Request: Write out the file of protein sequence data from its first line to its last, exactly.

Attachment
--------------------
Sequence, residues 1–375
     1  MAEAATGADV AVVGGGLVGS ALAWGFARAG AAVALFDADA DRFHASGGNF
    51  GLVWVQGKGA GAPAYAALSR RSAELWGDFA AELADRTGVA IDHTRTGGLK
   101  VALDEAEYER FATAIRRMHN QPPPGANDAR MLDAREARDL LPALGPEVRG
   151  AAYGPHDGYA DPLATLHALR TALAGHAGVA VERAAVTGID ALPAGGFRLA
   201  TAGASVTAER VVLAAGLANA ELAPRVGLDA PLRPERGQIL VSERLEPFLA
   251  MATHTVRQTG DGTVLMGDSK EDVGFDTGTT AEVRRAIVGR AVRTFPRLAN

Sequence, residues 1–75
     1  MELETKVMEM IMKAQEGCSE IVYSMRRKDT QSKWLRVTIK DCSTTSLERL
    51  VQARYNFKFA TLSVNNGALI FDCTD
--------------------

Sequence, residues 1–375
     1  MAEAATGADV AVVGGGLVGS ALAWGFARAG AAVALFDADA DRFHASGGNF
    51  GLVWVQGKGA GAPAYAALSR RSAELWGDFA AELADRTGVA IDHTRTGGLK
   101  VALDEAEYER FATAIRRMHN QPPPGANDAR MLDAREARDL LPALGPEVRG
   151  AAYGPHDGYA DPLATLHALR TALAGHAGVA VERAAVTGID ALPAGGFRLA
   201  TAGASVTAER VVLAAGLANA ELAPRVGLDA PLRPERGQIL VSERLEPFLA
   251  MATHTVRQTG DGTVLMGDSK EDVGFDTGTT AEVRRAIVGR AVRTFPRLAN

Sequence, residues 1–75
     1  MELETKVMEM IMKAQEGCSE IVYSMRRKDT QSKWLRVTIK DCSTTSLERL
    51  VQARYNFKFA TLSVNNGALI FDCTD